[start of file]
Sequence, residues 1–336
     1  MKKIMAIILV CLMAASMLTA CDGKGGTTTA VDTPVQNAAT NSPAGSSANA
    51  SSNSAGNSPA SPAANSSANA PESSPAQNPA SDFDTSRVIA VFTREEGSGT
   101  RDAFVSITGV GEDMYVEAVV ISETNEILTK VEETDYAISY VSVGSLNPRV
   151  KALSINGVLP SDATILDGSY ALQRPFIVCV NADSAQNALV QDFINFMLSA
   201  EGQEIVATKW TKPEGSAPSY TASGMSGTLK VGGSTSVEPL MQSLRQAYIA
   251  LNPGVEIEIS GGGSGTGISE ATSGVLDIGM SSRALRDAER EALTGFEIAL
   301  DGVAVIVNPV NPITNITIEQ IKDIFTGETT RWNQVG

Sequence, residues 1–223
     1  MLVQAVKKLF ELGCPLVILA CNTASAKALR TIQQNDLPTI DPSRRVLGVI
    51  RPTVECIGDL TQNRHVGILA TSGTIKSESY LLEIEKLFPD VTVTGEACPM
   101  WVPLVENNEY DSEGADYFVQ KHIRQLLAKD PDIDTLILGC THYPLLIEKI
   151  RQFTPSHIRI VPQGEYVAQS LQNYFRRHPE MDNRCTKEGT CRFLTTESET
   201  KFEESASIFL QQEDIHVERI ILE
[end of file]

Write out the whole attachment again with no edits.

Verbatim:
Sequence, residues 1–336
     1  MKKIMAIILV CLMAASMLTA CDGKGGTTTA VDTPVQNAAT NSPAGSSANA
    51  SSNSAGNSPA SPAANSSANA PESSPAQNPA SDFDTSRVIA VFTREEGSGT
   101  RDAFVSITGV GEDMYVEAVV ISETNEILTK VEETDYAISY VSVGSLNPRV
   151  KALSINGVLP SDATILDGSY ALQRPFIVCV NADSAQNALV QDFINFMLSA
   201  EGQEIVATKW TKPEGSAPSY TASGMSGTLK VGGSTSVEPL MQSLRQAYIA
   251  LNPGVEIEIS GGGSGTGISE ATSGVLDIGM SSRALRDAER EALTGFEIAL
   301  DGVAVIVNPV NPITNITIEQ IKDIFTGETT RWNQVG

Sequence, residues 1–223
     1  MLVQAVKKLF ELGCPLVILA CNTASAKALR TIQQNDLPTI DPSRRVLGVI
    51  RPTVECIGDL TQNRHVGILA TSGTIKSESY LLEIEKLFPD VTVTGEACPM
   101  WVPLVENNEY DSEGADYFVQ KHIRQLLAKD PDIDTLILGC THYPLLIEKI
   151  RQFTPSHIRI VPQGEYVAQS LQNYFRRHPE MDNRCTKEGT CRFLTTESET
   201  KFEESASIFL QQEDIHVERI ILE